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The new FAFSA rollout has been a mess. Here's how many Illinois high school students have completed it compared to last year.

U.S. Department of Education

By April 26 of last year (2023) about 52% of DeKalb High School students had completed their FAFSA. By April 26 of this year, with the new FAFSA form, it’s about half of that -- down to about 27%. That’s according to the U.S. Department of Education.

Shirley Rouse is a counselor at DeKalb High School who works with seniors. She says that drop in completions means fewer kids qualifying for federal student financial aid like the Pell Grant and eligible for state aid like the MAP grant in Illinois.

What happened? The delayed and botched rollout of the new FAFSA form.

Rouse says, typically, by May 1, known as College Decision Day, pretty much all of her students know where they’re going to school the next year. But not this year.

“A lot of our students didn't know until mid-April how much financial aid they were receiving. For students who had to make corrections, they couldn't do that until mid-April," she said. "So, I still have students who don't have award letters from schools.”

This is months behind the normal schedule where most students receive financial aid award letters in December or January.

This year, students couldn’t even try to submit their FAFSA until late December. But that’s when the errors and glitches started.

Now, obviously, it’s not just a DeKalb problem. It’s an issue that students across the state and the country have encountered. There have been processing errors, technical glitches, and calculation mistakes. Rouse says families who don’t have social security numbers have had particular trouble.

“This year, they could create an account still, but there were major glitches with that and that just got fixed this week," said Rouse. "It was sending them to verify their identity and then it wouldn't allow them to do that. That's impacted quite a few students as well.”

That means forms submitted in early January were in limbo for months before they could try to correct them.

64% of DeKalb School District students are low income. Many may be first-generation college students who aren’t used to filling out FAFSA or maneuvering the college admissions process. DeKalb High School has hosted financial aid nights and FAFSA events since the fall. They’re still holding workshops during lunch to help students.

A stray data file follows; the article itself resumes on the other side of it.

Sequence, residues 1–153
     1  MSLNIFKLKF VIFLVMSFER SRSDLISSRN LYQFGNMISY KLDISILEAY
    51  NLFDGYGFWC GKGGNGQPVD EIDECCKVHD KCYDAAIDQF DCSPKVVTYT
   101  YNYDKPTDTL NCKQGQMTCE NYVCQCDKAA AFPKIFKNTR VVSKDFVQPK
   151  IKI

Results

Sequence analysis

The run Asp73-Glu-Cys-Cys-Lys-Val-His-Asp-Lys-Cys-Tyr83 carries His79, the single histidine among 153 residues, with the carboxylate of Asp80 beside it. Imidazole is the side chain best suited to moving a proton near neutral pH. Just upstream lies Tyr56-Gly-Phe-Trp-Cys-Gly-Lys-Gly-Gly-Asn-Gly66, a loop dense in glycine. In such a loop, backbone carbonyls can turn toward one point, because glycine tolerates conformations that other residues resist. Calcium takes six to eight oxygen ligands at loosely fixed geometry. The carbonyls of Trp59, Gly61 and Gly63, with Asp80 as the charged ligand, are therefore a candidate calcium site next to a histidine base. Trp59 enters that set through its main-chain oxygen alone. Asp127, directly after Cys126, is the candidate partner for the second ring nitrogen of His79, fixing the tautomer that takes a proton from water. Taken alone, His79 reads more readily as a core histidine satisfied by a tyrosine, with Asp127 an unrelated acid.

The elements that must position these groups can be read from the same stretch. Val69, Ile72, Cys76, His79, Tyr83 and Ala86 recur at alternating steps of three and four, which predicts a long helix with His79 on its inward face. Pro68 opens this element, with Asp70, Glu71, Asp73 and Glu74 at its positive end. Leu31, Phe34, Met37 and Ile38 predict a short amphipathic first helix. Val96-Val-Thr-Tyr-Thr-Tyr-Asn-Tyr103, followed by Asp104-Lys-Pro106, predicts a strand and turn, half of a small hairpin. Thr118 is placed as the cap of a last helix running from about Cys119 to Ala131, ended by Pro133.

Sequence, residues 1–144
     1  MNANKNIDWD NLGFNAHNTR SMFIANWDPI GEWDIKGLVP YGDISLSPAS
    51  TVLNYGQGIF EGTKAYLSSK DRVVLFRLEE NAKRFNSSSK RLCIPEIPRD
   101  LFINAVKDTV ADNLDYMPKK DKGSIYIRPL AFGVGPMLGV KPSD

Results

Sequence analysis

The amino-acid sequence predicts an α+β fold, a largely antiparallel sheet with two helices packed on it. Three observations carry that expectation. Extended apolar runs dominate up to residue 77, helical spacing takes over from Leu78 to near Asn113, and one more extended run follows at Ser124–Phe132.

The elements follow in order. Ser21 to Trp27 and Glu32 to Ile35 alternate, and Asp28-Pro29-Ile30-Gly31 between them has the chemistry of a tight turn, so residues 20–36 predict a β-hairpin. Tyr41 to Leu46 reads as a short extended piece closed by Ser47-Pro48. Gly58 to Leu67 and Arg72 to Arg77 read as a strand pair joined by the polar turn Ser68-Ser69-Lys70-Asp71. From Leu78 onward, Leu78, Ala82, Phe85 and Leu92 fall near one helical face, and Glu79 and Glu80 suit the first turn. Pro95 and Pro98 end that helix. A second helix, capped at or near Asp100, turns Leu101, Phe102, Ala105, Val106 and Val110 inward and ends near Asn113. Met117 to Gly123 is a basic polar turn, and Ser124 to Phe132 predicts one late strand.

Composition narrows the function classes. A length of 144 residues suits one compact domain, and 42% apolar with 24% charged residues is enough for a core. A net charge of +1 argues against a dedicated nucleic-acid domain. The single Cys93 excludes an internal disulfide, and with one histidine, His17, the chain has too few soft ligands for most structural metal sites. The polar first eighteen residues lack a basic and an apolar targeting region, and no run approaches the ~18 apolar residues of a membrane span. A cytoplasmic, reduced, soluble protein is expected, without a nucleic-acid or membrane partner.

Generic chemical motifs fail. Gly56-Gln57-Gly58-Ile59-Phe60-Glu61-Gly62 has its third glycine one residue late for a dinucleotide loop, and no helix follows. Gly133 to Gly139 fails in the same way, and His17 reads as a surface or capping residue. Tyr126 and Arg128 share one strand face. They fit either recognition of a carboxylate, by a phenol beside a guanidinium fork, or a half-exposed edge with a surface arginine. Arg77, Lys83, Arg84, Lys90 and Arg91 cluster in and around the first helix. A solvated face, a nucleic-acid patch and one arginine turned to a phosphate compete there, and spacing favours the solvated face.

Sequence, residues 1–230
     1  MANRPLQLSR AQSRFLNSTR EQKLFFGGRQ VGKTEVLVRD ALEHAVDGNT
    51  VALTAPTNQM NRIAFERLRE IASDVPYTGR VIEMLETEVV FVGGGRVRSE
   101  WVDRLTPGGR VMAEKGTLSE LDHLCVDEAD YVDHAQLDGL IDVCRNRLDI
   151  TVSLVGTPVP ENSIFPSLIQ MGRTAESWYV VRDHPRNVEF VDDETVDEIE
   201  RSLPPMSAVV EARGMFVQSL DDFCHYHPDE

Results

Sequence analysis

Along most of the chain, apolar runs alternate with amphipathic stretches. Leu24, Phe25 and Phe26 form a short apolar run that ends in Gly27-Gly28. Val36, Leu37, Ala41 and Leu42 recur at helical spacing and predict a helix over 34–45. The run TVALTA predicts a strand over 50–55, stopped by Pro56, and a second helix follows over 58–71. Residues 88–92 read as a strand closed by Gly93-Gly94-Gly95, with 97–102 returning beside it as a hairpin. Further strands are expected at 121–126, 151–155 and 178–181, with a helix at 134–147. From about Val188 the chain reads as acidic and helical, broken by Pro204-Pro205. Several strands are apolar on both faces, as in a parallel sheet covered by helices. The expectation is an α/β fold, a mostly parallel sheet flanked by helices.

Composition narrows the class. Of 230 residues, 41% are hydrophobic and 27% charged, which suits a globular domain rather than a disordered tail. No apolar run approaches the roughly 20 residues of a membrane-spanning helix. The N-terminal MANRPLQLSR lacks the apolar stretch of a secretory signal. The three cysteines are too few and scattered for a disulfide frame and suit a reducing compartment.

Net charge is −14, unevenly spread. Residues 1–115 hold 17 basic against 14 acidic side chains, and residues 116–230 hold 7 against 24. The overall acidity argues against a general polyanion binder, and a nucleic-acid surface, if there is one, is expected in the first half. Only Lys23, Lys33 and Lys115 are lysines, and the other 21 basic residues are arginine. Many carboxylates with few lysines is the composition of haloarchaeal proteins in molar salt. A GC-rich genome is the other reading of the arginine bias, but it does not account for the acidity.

It’s been really frustrating for counselors like Rouse, and it hasn’t even been easy to find which students need help.

“I couldn't even access who completed the FAFSA until the middle of April," she said. "Last year, we were able to do that in November, so you could connect with kids."

May 1 is known as “College Decision Day” because it’s the admissions deadline at most schools. But, because of those issues, many universities have pushed back those deadlines.

FAFSA website
U.S. Department of Education
FAFSA website

And with some of her students just receiving their financial award packages and other still in the dark, Rouse says they just have less time to make these big decisions about their future.

“I can tell you, in the last few weeks, I've had a lot of students come in like, ‘I received my award letter, I'm thinking Kishwaukee College might be a good option for me’ or ‘this was my No. 1 school and I'm realizing it's not financially an option,'" she said. "So, a lot of students are having to pivot really late in the game."

She didn’t expect this year to be such a mess. It’s disheartening, but she has faith that next year will be a lot better.

“I think they predict 1.5 million students will qualify for the Pell Grant more than in the past the way the form was set up," said Rouse. "So, that's huge."

She’s still seeing finished FAFSA forms roll in and says 30% of DeKalb students have completed it now.

The school year is ending soon. Rouse is encouraging students to email her over the summer if they run into more issues or have questions but says it’s a lot easier to help students navigate this in-person, so they’ll keep up the lunchroom workshops until school lets out.

Peter joins WNIJ as a graduate of North Central College. He is a native of Sandwich, Illinois.